# Steady Evaporation from a Water Table Following Gardner

- Slides: 17

Steady Evaporation from a Water Table Following Gardner Soil Sci. , 85: 228 -232, 1958 Williams, 2002 Modified after Selker, 2000 http: //www. its. uidaho. edu/Ag. E 558 http: //bioe. orst. edu/vzp 1

Why pick on this solution? Of interest for several reasons: • it is instructive in how to solve simple unsaturated flow problems; • it provides very handy, informative results; • introduces a widely used conductivity function. 2

The set-up The problem we will consider is that of evaporation from a broad land surface with a water table near by. Assume: • The soil is uniform, • The process is onedimensional (vertical). • The system is at steady state Notice: that since the system is at steady state, the flux must be constant with elevation, i. e. q(z) = q (conservation of mass). 3

Getting down to business. . Richards equation is the governing equation At steady state the moisture content is constant in time, thus d / dt = 0, and Richards equation becomes a differential equation in z alone 4

Simplifying further. . . Since both sides are first derivatives in z, this may be integrated to recover the Buckingham -Darcy Law for unsaturated flow or where the constant of integration q is the vertical flux through the system. Notice that q can be either positive or negative corresponding to evaporation or infiltration. 5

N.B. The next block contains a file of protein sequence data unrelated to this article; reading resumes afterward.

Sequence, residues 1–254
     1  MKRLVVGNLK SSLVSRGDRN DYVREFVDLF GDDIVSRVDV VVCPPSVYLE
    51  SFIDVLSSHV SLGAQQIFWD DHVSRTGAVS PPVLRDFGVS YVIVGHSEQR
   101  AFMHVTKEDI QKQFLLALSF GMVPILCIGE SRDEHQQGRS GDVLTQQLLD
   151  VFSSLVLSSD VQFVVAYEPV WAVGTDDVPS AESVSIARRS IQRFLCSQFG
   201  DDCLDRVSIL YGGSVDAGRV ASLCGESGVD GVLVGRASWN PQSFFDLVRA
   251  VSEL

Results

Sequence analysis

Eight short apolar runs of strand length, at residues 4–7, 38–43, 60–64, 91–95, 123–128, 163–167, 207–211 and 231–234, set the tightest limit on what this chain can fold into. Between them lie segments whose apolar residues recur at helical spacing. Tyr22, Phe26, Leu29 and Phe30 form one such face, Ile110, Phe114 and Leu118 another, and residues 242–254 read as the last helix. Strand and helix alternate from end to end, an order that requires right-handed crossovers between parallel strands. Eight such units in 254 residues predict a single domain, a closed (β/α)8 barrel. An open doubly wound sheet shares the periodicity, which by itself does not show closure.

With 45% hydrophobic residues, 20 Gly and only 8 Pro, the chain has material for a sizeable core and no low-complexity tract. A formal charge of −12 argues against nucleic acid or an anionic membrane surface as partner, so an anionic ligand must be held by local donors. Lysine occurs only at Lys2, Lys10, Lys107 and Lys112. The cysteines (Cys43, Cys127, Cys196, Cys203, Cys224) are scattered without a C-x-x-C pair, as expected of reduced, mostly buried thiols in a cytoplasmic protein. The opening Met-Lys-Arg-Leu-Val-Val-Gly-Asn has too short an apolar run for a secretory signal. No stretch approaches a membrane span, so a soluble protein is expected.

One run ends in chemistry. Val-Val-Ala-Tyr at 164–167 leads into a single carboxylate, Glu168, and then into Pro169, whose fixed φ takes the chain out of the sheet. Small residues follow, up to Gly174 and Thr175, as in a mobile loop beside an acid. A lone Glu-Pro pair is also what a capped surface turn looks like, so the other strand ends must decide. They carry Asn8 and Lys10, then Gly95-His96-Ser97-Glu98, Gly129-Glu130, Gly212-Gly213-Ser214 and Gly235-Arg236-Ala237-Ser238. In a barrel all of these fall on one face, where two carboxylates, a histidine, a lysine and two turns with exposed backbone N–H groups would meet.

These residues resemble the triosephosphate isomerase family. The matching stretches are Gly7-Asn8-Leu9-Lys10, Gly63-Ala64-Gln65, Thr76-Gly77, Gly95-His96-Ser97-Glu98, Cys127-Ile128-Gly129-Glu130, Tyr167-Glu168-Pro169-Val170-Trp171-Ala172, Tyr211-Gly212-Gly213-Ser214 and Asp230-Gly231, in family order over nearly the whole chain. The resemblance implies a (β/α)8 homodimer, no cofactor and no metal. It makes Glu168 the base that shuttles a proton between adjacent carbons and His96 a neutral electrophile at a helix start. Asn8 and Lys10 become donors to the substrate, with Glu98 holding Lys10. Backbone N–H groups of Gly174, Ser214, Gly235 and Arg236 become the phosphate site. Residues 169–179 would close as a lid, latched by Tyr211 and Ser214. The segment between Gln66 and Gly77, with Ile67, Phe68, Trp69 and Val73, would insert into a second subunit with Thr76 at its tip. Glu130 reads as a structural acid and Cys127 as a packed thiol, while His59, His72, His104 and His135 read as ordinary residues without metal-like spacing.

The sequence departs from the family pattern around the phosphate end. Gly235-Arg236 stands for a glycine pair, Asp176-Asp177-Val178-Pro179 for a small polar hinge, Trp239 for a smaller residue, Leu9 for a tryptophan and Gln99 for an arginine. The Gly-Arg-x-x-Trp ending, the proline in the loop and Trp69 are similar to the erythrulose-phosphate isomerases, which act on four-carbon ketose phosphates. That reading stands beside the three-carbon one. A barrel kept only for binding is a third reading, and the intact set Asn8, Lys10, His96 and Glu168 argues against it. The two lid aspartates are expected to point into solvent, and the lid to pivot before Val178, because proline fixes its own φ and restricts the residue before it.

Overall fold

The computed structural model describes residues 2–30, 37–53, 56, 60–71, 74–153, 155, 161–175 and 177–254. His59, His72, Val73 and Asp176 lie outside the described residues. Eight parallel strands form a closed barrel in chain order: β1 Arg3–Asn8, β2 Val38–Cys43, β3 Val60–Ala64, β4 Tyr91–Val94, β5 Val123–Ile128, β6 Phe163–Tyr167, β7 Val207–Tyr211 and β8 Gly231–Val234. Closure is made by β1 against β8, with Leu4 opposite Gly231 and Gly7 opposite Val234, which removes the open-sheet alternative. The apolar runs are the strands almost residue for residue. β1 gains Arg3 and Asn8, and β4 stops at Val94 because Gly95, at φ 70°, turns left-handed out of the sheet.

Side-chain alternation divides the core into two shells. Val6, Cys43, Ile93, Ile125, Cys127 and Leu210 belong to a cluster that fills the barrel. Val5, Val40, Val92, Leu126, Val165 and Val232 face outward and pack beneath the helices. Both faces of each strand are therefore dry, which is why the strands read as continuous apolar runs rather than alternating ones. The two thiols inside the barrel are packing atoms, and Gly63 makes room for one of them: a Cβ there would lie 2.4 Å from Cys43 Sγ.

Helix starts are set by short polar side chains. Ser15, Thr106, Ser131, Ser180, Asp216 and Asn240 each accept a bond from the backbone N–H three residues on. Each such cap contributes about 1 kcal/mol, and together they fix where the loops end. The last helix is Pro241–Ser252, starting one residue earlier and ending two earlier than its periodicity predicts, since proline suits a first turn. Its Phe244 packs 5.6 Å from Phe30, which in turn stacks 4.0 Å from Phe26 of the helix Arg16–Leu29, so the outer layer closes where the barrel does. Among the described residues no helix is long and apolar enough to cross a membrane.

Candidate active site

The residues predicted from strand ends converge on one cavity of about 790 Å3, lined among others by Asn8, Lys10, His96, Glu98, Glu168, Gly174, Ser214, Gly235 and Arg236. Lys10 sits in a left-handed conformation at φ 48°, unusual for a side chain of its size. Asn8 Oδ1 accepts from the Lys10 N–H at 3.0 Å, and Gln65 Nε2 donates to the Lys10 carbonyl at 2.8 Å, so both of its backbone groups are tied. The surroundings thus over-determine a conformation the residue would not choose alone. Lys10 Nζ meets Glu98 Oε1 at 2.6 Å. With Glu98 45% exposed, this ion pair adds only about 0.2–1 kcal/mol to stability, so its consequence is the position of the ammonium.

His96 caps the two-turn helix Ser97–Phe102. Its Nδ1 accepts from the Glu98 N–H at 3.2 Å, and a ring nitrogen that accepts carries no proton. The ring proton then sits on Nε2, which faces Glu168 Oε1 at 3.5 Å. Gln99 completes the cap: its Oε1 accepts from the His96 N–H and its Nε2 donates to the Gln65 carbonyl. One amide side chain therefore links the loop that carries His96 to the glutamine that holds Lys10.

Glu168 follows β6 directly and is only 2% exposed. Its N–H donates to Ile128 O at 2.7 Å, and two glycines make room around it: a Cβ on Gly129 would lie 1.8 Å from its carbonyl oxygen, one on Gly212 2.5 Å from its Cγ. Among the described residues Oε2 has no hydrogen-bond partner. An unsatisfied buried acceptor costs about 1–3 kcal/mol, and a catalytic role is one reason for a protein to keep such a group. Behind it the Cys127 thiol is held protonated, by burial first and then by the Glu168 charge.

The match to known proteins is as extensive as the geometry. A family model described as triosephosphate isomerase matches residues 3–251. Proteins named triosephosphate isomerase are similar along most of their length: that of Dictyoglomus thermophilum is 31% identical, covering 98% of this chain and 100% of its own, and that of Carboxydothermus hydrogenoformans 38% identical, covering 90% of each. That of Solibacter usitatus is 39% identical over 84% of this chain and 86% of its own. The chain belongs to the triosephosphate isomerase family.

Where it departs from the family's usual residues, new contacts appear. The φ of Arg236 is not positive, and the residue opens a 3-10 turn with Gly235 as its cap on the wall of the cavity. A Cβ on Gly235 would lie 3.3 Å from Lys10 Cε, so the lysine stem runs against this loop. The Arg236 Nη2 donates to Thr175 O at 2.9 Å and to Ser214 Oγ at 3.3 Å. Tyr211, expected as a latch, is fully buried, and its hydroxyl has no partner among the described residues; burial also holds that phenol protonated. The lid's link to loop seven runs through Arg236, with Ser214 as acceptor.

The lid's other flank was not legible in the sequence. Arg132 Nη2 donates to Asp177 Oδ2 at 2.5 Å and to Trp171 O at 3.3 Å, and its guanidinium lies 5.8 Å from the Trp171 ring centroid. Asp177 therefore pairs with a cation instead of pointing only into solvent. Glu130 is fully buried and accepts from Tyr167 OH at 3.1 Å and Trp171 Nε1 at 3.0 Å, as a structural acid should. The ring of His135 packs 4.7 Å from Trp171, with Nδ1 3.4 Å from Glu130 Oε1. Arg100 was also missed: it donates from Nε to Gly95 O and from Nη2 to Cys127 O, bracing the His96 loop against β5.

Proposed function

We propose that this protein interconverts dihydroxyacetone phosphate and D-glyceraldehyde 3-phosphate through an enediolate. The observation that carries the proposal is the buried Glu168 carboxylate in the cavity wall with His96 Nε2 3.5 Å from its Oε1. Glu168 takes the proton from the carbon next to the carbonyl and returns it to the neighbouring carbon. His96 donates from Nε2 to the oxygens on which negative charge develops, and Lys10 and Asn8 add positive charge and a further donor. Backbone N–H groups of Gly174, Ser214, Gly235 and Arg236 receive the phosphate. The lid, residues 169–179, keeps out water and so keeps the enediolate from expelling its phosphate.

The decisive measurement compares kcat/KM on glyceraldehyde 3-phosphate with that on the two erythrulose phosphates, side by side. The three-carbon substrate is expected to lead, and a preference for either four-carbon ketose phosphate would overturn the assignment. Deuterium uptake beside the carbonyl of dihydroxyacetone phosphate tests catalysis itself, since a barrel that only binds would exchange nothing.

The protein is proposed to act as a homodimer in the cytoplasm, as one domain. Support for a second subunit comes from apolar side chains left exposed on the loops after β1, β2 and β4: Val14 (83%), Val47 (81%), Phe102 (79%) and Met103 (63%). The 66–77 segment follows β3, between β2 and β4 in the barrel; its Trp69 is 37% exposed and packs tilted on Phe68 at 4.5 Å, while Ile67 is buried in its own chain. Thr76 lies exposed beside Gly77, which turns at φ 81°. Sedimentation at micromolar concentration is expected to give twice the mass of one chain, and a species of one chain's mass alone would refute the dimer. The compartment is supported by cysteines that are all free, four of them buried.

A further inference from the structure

Solving for pressure vs. elevation We would like to solve for the pressure as a function of elevation. Solving for dz we find: which may be integrated to obtain • h' is the dummy variable of integration; • h(z), or h is the pressure at the elevation z; • lower bound of this integral is taken at the water table where h(0) = 0. 6

What next? Functional forms! • To solve need a relationship between conductivity and pressure. • Gardner introduced several conductivity functions which can be used to solve this equation, including the exponential relationship Simple, non-hysteretic, doesn’t deal with hae, is only accurate over small pressure ranges 7

Now just plug and chug which may be re-arranged as To solve this we change variables and let or 8

Moving right along. . . Our integral becomes which may be integrated to obtain 9

All Right! • Solution for pressure vs elevation for steady evaporation (or infiltration)from the water table for a soil with exponential conductivity. • Gardner (1958) notes that the problem may also be solved in closed form for conductivity’s of the form: K = a/(hn +b) for n = 1, 3/2, 2, 3, and 4 10

Rearranging makes it more intuitive We can put this into a more easily understood form through some simple manipulations. Note that we may write: h = (1/ )Ln[exp( h)], so adding and subtracting h gives us a useful form 11

We now see. . . • Contributions of pressure and flux separately. • As the flux increases, the argument of Ln[ ] gets larger, indicating that at a given elevation, the pressure potential becomes more negative (i. e. , the soil gets drier), as expected for increasing evaporative flux. • If q=0, the second term on the right hand side goes to zero, and the pressure is simply the elevation above the water table (i. e. , hydrostatic, as expected). 12

Another useful form May also solve for pressure profile • Although primarily interested in upward flux, note that if the flux is -Ks that the pressure is zero everywhere, which is as we would expect for steady infiltration at Ks. 13

The Maximum Evaporative Flux At the maximum flux, the pressure at the soil surface is -infinity, so the argument of the logarithm must go to zero. This implies solving for qmax, for a water table at depth z 15

So what does this tell us? Considering successive depths of z = 1/ , 2/ , 3/ we find that qmax(z)/Ks = 0. 58, 0. 16, and 0. 05, ¨ very rapid decrease in evaporative flux as the depth to the water table increases. 16